As Ike Pigott points out in his post today, many shelters won’t accept pets.
I had to evacuate my apartment two blocks south of the World Trade Center on 9/11, and there was no way I was leaving Benny’s predecessor, my wonderful Yellow Lab, Sam, behind. We stayed with friends for a couple of nights but eventually spent nearly two months in a wonderful hotel that accepts pets.
Please check now to see what hotels and motels in your area accept pets and keep that list with your emergency supplies. Many large chains welcome pets, including: Read more
Benny Bix Ochman Labradoodle puppy, now two, has tummy troubles. Wanting him to live a long and healthy life, and not wanting to have him on medication forever, I’ve learned to cook for him. (Despite my best efforts, the cat will only eat cat food.)
The first question everyone asks is “Doesn’t that take a lot of time?” I’ve got the whole process very organized, so it takes me about 45-minutes every two weeks. Read more
Between the toys, treats, leashes, crates, pills, sprays, food and grooming supplies, your pets’ stuff can quickly become an organizational nightmare. Here’s how I keep my cat Noni and Benny Bix Ochman Labradoodle Puppy’s stuff organized.
** Leashes and harnesses are on a hook right next to the door, so is a box of plastic bags for pickup.
** Portable play: A canvas shoulder bag we take to the park every morning is right by the front door. It contains plastic bags, a water bottle, a frisbee and a tennis ball. Read more
Sometimes, chaos is a good thing.
Mid-day madness at your house could make you famous if you photograph it tomorrow and upload it to “America at Home 7 Days.”.
Everyone in America is invited to join 100 of the nation’s leading photojournalists to capture “the emotions of home” in daily photo assignments on specific themes. Read more
Visual clutter – the kind that makes it hard to find anything in the picture – can waste time, or even create dangerous situations. So MIT engineers have designed a visual clutter detector to identify when bad design hampers a person’s ability to understand information, causes confusion, or interrupts concentration.
The scientists say the impetus was that “we lack a clear understanding of what clutter is, what features, attributes and factors are relevant, why it presents a problem and how to identify it.”
A clutter measuring device may sound funny, but it’s actually “a breakthrough that could help everyone from fighter pilots to Web site designers.” Read more
Two weeks after declaring war on email overload, I am happily on my way to making email fun again.
I tried asking nicely. I tried unsubscribing to non-essential email publications. I tried asking people to keep their emails short and only send email when it is important. None of it worked.
So now I have stopped feeling guilty about what other people think if I answer email slowly or not at all. I have accepted the fact that even trying to handle the more than 700 emails I get every day is just not possible, or necessary.
Here are the other steps I’ve taken: Read more
The comic strip, For Better or For Worse, shows April picking out, and loading, a cool backpack.
And here she is trudging off to school with a backpack that is way too heavy for her. Experts warn that heavy backpacks can cause back and neck problems in children, which often are passed over as “growing pains” and go untreated. Rule of thumb: if your child sticks out his or her stomach while wearing a backpack, it is likely too heavy. Be sure to consider ergonomics as well as coolness.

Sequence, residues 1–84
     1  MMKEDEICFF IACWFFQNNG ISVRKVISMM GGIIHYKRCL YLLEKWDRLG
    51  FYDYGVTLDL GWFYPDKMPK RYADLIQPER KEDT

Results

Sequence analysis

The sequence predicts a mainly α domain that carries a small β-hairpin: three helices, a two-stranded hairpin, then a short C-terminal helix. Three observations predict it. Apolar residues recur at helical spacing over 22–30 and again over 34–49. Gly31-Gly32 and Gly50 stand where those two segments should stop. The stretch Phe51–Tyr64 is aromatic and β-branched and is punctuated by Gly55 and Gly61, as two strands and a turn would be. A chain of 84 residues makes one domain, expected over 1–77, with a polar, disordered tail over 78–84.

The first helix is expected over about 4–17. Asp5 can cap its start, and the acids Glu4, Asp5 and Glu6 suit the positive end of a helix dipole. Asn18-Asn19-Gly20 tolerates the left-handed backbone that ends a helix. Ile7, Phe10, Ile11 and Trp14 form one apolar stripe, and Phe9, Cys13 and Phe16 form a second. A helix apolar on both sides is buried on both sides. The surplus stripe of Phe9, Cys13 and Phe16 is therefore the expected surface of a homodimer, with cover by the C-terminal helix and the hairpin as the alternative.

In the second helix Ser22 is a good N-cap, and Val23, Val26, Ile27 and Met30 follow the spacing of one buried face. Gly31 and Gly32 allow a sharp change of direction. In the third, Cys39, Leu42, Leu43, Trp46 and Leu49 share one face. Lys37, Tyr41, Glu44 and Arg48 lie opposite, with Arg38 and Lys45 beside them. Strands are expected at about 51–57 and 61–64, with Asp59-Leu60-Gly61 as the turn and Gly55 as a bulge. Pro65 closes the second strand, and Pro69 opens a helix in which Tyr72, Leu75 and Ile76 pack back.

As a self-employed marketer, I have lived and died by email for the past 10 years. It’s been at the center of my business and personal life for everything from sales to socializing. But over the past year or two, the daily flow of email has become totally unmanageable. Something had to be done. I took bold action. So why do I feel guilty?
My incoming email is down to a trickle since I added this autoresponder:
Dear colleagues & friends: I am checking email only a couple of times a day because I am totally overwhelmed with unnecessary emails.
So, if something is pressing, please call me.
If not, understand that I will be back to you in hours rather than minutes. Thank you!
I’ve run my Internet marketing consulting firm from a home office for the past 10 years. Making sure I don’t spend my days in bunny slippers is a huge challenge. It is soooo easy to fritter away a day if you don’t stick to a routine. Here’s what I do:
The dog runs the show
Even though I am a night person, every day, come hell or high water, I get up at 7 a.m. and take Benny Bix Ochman Labradoodle to the park where he runs with his buddies, and I socialize with their owners, for an hour. We walk three miles round trip, quickly, so we both get some exercise.
[LG]Benny gives this doggie travel kit 3 woofs.[/LG] Going to the park means I have to get up, get dressed, and appear life-like early in the morning. Read more
You can de-clutter your kitchen cabinets and save elbow grease by making common household products do multiple jobs. Put the peanut butter to work, for example.
Besides being the main ingredient in Elvis’ favorite sandwich, Jif Peanut Butter makes great shaving cream. And you can grease the axle of your truck or car with it.
Tomato paste will easily clean the bottom of a copper pot and make it look new again. And my nana taught me that toothpaste can remove crayon from walls, scratches from glassware. Read more